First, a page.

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U.S. Navy SEAL Found Not Guilty Of Murdering Wounded IS Prisoner

U.S. Navy Special Operations Chief Edward Gallagher leaves a military court on Naval Base San Diego on July 2 in San Diego.

A military jury in the United States has ruled that a decorated U.S. Navy SEAL was not guilty of murder over the killing of a wounded fighter from the Islamic State (IS) extremist group under his care outside of Mosul, Iraq in 2017.

Special Operations Chief Edward Gallagher was cleared of all charges in the case, except for posing for photos with the dead body of the captive.

Two soldiers under Gallagher's command testified that they saw Gallagher stab the wounded prisoner in the neck.

Military prosecutors also argued that Gallagher's own text messages and photos incriminated him.

They included photos of Gallagher holding the dead militant up by the hair and clutching a knife in his other hand.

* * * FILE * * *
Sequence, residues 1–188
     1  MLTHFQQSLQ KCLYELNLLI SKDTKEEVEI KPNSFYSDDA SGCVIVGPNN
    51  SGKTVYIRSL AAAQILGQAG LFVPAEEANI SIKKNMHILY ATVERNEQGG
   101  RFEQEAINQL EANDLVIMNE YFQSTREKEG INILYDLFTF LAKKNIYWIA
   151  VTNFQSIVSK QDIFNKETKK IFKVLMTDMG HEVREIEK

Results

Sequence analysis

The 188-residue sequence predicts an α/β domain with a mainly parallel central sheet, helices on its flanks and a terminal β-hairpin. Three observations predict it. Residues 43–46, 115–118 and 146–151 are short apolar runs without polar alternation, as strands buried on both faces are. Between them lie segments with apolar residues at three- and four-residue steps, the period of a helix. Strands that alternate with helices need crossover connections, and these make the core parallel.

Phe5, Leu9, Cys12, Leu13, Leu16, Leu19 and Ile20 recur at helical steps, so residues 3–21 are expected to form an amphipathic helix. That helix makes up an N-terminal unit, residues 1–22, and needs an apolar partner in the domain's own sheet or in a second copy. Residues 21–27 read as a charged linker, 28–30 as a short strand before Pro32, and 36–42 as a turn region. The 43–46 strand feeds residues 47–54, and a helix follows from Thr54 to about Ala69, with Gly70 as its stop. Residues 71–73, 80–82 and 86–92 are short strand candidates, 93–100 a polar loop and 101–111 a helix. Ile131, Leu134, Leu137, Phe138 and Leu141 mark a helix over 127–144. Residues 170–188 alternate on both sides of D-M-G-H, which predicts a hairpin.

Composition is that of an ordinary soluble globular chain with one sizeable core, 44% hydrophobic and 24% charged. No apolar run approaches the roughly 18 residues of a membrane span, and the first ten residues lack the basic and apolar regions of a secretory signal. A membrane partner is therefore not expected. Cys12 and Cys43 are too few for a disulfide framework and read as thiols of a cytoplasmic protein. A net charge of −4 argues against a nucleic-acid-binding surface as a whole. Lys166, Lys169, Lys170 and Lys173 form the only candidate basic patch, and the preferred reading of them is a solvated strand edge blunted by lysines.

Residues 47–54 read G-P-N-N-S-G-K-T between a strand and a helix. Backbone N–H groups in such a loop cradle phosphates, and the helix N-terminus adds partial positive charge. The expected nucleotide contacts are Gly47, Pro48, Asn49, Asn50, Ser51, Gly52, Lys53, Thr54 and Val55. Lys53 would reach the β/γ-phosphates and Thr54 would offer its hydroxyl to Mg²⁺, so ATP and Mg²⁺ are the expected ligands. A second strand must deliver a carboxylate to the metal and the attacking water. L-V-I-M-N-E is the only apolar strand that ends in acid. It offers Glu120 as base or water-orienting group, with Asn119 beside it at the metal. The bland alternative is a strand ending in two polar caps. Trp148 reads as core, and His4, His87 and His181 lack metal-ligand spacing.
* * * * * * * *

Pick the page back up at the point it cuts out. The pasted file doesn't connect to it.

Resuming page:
A text message Gallagher sent while deployed said, "got him with my hunting knife."

But Gallagher's defense lawyers argued that Gallagher was framed by disgruntled members of his platoon who fabricated the allegations in order to oust him from his command.

The defense team described the charges as a case of "mutiny" by troops under Gallagher's command. They also repeatedly told the jury there was no body, no forensic evidence, and no blood found on Gallagher's knife.

An Iraqi general who handed the wounded prisoner to the SEALS testified that Gallagher did not stab the young fighter.

A U.S. Marine staff sergeant also testified that Gallagher had moved the militant's body after the prisoner died from injuries sustained in an air strike and that he saw no stab wounds on the militant's neck.

Based on reporting by AP and Reuters